Whether it is for fitness, performance, or rehab…Have a plan; stick to that plan; and see the results.
My friend and colleague, John McCarthy will be hosting the Third Annual Psychology of Coaching Teams Conference at Boston University on May 26, 2011.
For an overview of information about the conference, please visit the following link, as this will direct you toward on-line registration. Please note that if you register on-line by MAY 23, 2011 — which is this TODAY — you will receive a discounted rate!
For specific information on this year’s conference, including information about the speakers and the day’s agenda, please visit the conference blog at the following link:
Yesterday was another good workout with the legs. Everyday I am feeling improvements in the strength levels of my lower body. As I have mentioned to many people during my rehab program, for many years I have been limited with my ROM. Now with increased motion, I found serious strength deficits at the new points of motion. It is exciting and frustrating at the same time. Exciting because of the new motion and frustrating because of the weakness. But the good news is that the strength is improving. That being said, yesterday’s workout is below:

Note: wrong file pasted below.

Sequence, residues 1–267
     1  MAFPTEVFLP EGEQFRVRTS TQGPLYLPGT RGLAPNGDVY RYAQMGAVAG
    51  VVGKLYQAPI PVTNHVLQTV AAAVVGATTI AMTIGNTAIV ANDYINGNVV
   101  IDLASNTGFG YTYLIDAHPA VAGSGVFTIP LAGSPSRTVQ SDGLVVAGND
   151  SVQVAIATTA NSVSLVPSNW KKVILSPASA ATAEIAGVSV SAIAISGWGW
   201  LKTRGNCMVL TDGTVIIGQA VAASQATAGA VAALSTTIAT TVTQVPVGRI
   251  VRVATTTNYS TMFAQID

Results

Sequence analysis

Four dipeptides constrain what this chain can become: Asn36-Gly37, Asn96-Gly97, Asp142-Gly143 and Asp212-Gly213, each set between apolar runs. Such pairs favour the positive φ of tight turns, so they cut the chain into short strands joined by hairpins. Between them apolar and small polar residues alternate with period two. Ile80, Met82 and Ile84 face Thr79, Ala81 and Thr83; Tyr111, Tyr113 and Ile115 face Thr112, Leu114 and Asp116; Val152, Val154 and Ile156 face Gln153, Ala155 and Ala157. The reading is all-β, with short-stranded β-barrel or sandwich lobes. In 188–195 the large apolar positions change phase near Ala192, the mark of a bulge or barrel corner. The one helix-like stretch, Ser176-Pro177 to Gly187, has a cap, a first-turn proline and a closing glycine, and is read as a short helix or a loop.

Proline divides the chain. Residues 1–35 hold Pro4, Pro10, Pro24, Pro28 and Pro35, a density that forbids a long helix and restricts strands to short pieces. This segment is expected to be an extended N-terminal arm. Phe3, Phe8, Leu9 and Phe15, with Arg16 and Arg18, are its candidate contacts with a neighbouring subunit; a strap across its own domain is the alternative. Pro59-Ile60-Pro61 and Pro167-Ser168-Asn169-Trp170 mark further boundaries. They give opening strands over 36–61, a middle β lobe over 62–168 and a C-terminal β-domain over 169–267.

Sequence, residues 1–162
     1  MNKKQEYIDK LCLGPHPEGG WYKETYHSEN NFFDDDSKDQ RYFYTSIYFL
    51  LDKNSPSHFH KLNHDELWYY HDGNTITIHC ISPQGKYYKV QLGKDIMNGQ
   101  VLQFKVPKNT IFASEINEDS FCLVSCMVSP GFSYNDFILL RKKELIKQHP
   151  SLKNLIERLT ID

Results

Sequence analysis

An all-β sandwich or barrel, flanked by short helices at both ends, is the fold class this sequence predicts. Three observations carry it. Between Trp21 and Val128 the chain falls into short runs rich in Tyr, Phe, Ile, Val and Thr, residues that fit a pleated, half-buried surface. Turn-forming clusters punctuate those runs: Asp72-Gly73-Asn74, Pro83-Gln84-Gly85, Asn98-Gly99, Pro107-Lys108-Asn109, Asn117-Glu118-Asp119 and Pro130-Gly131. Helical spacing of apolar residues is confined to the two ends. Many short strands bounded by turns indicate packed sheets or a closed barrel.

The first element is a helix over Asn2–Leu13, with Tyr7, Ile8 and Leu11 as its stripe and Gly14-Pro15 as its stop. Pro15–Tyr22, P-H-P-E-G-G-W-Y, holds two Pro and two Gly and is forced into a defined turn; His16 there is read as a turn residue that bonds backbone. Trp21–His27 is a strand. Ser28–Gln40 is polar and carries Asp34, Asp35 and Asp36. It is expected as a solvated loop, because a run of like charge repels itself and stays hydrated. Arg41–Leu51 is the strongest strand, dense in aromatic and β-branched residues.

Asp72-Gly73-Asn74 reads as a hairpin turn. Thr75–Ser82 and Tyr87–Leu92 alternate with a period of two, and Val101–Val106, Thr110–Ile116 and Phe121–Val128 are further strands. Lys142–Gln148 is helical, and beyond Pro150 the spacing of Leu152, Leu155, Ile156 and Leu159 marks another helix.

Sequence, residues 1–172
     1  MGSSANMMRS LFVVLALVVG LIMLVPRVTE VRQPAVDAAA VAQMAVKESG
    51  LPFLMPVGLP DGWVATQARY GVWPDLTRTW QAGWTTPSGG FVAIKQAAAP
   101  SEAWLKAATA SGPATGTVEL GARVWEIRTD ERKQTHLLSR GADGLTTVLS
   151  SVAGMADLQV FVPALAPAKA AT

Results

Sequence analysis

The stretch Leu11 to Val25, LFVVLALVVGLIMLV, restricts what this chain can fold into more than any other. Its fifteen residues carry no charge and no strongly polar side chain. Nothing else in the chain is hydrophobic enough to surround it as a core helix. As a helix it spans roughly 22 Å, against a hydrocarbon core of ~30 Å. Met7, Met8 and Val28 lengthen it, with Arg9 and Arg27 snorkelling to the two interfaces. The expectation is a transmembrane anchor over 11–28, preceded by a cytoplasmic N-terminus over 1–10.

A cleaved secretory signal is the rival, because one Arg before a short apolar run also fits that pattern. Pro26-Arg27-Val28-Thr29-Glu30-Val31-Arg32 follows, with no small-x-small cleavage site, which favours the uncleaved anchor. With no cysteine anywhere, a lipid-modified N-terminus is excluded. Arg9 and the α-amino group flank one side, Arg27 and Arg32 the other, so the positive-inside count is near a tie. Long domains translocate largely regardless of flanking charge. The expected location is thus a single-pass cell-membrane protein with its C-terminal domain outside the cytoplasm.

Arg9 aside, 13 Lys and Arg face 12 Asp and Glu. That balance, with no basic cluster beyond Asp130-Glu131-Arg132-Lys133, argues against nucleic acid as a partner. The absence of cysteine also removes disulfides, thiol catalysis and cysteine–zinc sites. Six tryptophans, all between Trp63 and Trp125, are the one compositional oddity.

Bike 10 minutes. The great thing here is that I have been able to lower the seat, bring the knee through a greater ROM.
Foam Roller and Tiger tail.
BW Squats 3×15.
Step-ups 3x15ea. Used a 12in. Box and focused on keeping hips level.
1 leg SLDL 3X15ea. Used a 20 lb DB.
Hip lifts w/ heels on bench 3×20. BW exercise that got the hamstrings firing.
All in all, it was another day of progress.
One treatment that I have been receiving in physical therapy recently which I have noticed has helped me a lot has been the Graston technique. It’s a technique that uses blade-like instruments to break up scar tissue and fascial restrictions to help the muscle function normally. Although it has been reported that people can experience minor discomfort during the treatment, I have not experienced any. What I have experienced, however, is improved ROM in the knee along with increased strength during exercise.
For more information, check out the Graston Technique website.
Looking back at my calendar, I noticed that my last update was at the beginning of the week. This week has been a busy one but a good one too. My PT has been progressing well. I had sessions on Monday and Wednesday at the facility, then I had my routine that I do on my own as well. Yesterday was an unplanned off day but it worked out great because it made today one of my best days yet.